Moments before her term expired Wednesday, the U.N. high commissioner for human rights released a long-awaited report that found the treatment of minorities in China’s Xinjiang province may constitute crimes against humanity.
Michelle Bachelet writes in her findings that the information available to her office on Beijing’s crackdown on terrorism and “extremism” in the Xinjiang Uyghur Autonomous Region from 2017 to 2019, and possibly beyond, raises concerns under international law.
“The extent of arbitrary and discriminatory detention of members of Uyghur and other predominantly Muslim groups, pursuant to law and policy, in context of restrictions and deprivation more generally of fundamental rights enjoyed individually and collectively, may constitute international crimes, in particular crimes against humanity,” Bachelet said in the 48-page report.
Rights groups and the U.S. government accuse Beijing of serious abuses of Uyghurs, including torture, forced sterilization, sexual violence and forced separation of children.
Previously published reports by groups such as Human Rights Watch say the ethnic minorities have been subjected to widespread surveillance, and more than a million predominantly Muslim Uyghurs have been sent to detention camps, which critics say are aimed at destroying their Uyghur identity. China says the compounds are “vocational education centers” intended to stop the spread of religious extremism and terrorist attacks.
“Allegations of patterns of torture or ill-treatment, including forced medical treatment and adverse conditions of detention, are credible, as are allegations of individual incidents of sexual and gender-based violence,” Bachelet said of conditions at the so-called vocational education centers.
She said, however, that currently available information does not allow her office to draw “firm conclusions” on the exact extent of these abuses, but it is clear the facilities “provide fertile ground for such violations to take place on a broad scale.”
China’s U.N. mission in Geneva, where the U.N. Office for Human Rights is located, sent a response to Bachelet’s office dated Wednesday, stating its opposition to the report.
“Based on the disinformation and lies fabricated by anti-China forces and out of presumption of guilt, the so-called ‘assessment’ distorts China’s laws and policies, wantonly smears and slanders China, and interferes in China’s internal affairs, which violates principles including dialogue and cooperation, and non-politicization in the field of human rights, and also undermines the credibility of the OHCHR,” it said, referring to the U.N. rights office by its acronym.
China asked for its response to be included with the report, and it is attached as an appendix.
“We all know so well that the so-called Xinjiang issue is a completely fabricated lie out of political motivations, and its purpose definitely is to undermine China’s stability and to obstruct China’s development,” China’s U.N. ambassador in New York, Zhang Jun, told journalists earlier Wednesday.
U.N. Secretary-General Antonio Guterres’ spokesman said Wednesday that the U.N. chief had not seen the report before its release.
“He has not read the report. It is not his — it is a report of the high commissioner for human rights,” spokesman Stephane Dujarric said in response to reporters’ questions. “He does not want to interfere in her work or influence her work, whether it’s Michelle Bachelet or anyone else who may, who will, occupy that position.”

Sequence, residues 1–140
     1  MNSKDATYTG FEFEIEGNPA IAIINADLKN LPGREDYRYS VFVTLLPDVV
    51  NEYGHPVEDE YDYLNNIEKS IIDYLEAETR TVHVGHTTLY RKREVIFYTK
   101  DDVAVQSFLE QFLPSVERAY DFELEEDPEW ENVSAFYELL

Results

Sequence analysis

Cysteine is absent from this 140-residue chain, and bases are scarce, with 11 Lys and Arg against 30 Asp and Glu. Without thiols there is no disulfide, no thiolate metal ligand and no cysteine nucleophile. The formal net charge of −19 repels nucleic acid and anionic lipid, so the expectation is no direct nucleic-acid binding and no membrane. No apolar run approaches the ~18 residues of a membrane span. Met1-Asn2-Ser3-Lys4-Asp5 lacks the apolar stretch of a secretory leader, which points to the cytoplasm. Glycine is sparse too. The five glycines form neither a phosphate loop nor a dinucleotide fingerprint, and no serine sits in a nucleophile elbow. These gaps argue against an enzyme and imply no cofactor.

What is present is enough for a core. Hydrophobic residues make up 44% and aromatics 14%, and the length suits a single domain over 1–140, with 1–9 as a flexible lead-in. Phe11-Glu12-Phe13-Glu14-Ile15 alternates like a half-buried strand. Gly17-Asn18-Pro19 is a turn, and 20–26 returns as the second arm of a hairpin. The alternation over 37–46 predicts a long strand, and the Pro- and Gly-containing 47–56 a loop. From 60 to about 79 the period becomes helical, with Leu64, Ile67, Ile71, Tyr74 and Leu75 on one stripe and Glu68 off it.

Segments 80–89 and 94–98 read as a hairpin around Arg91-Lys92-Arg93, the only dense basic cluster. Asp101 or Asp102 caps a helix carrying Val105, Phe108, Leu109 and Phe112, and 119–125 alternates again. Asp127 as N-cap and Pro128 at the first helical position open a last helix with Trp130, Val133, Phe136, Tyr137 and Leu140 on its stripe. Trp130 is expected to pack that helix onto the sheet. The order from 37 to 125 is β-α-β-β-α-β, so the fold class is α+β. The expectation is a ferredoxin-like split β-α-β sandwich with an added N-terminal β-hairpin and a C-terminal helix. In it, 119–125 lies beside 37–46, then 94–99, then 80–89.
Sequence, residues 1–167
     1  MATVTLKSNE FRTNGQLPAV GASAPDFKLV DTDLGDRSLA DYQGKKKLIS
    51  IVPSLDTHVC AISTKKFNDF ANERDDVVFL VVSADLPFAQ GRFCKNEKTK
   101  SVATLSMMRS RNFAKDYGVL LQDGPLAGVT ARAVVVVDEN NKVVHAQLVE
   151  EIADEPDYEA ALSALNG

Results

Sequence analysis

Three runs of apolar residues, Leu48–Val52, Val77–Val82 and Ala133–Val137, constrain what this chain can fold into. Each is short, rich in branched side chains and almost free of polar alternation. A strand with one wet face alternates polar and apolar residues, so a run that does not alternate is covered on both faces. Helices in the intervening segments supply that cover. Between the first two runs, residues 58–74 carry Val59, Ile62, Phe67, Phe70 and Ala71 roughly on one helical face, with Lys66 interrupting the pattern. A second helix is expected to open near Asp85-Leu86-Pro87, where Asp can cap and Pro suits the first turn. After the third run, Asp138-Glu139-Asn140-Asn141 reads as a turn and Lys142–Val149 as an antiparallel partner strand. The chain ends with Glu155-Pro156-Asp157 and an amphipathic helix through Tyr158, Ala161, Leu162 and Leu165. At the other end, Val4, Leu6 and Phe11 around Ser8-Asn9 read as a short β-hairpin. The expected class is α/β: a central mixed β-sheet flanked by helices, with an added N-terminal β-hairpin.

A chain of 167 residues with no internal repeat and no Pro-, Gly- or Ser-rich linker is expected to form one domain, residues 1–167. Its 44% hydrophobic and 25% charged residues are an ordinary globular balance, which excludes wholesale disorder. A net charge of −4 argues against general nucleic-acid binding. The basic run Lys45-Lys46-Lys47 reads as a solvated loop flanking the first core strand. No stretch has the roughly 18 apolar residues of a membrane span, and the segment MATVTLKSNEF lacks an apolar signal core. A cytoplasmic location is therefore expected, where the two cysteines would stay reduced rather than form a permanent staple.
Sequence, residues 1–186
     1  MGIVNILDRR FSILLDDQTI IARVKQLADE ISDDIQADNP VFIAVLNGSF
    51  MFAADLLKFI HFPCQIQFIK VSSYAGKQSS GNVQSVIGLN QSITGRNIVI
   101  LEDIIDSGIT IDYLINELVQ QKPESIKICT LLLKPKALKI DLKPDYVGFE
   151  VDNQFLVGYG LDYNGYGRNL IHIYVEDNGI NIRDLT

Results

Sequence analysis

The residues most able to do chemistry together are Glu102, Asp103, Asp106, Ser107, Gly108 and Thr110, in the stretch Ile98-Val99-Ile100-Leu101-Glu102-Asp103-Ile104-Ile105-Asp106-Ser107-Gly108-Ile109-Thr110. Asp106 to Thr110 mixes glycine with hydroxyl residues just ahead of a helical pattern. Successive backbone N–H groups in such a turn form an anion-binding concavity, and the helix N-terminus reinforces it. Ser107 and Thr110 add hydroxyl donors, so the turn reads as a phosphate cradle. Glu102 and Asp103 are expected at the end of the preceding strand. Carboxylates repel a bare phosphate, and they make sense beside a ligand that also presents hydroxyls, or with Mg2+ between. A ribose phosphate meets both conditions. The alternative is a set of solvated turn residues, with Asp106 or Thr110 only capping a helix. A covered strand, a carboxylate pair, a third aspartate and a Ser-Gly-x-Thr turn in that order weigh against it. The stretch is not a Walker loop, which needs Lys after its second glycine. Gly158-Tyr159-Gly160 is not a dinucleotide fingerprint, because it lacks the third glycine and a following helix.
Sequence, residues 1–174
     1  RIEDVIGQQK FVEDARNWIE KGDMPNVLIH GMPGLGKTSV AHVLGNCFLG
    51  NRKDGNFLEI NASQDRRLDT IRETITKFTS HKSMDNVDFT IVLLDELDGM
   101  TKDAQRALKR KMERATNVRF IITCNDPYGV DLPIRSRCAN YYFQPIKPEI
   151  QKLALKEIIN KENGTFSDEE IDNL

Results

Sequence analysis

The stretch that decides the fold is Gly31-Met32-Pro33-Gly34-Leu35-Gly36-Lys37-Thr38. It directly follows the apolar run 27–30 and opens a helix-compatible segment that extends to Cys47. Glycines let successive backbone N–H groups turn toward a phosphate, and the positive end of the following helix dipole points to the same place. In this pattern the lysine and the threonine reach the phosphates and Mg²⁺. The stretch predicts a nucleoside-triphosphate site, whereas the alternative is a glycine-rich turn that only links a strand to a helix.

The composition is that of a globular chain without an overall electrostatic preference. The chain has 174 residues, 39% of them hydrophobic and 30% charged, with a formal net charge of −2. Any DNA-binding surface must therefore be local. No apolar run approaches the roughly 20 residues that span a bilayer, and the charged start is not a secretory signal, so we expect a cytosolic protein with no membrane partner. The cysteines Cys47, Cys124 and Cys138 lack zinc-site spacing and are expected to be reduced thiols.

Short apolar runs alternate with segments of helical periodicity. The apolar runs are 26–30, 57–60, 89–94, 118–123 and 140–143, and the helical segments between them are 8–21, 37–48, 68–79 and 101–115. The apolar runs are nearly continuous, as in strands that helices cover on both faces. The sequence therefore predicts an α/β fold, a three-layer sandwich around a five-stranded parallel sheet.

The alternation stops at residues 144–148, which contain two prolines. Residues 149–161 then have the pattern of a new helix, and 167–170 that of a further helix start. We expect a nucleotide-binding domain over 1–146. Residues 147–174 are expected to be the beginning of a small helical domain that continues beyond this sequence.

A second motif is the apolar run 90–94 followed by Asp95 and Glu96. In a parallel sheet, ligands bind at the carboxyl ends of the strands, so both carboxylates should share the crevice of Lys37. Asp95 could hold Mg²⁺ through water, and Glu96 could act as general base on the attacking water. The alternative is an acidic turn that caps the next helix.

Although Wednesday was Bachelet’s last day, no successor has been named.
Dujarric said Guterres’ position on Xinjiang is “very clear.”
In addition to publicly supporting a “credible” visit for Bachelet to China, Guterres said at the Munich Security Conference in February that he has told the Chinese authorities they must fully respect human rights in Xinjiang and guarantee that the religious and cultural identity of minorities is respected.
“The high commissioner’s damning findings explain why the Chinese government fought tooth and nail to prevent the publication of her Xinjiang report, which lays bare China’s sweeping rights abuses,” said Sophie Richardson, Human Rights Watch China director. “The United Nations Human Rights Council should use the report to initiate a comprehensive investigation into the Chinese government’s crimes against humanity targeting the Uyghurs and others — and hold those responsible to account.”
Bachelet has sought access to Xinjiang since 2018 to follow up on claims of rights abuses. While she waited for Beijing’s invitation, her office reviewed and analyzed publicly available official documentation, as well as satellite imagery and other open-source information, to draft its report.
The high commissioner finally traveled to Xinjiang in May but was criticized by rights groups for accepting Beijing’s condition that her visit not be an investigation.
Her mission was the first time in 17 years that a sitting U.N. human rights chief visited China. Bachelet had a virtual meeting with President Xi Jinping and met in person with Foreign Minister Wang Yi, among other officials.
In Xinjiang, she spent two days in Kashgar and Urumqi. Bachelet said she met with officials, including the secretary of the Chinese Communist Party of the Xinjiang Uyghur Autonomous Region and the governor and the vice governor in charge of public security. She also visited Kashgar prison and the Kashgar Experimental School, a former vocational education and training center, among other places.
In 2010, China’s census put the total population of Uyghurs at just over 10 million, less than 1% of China’s total population. They are the largest ethnic group in the autonomous region of Xinjiang.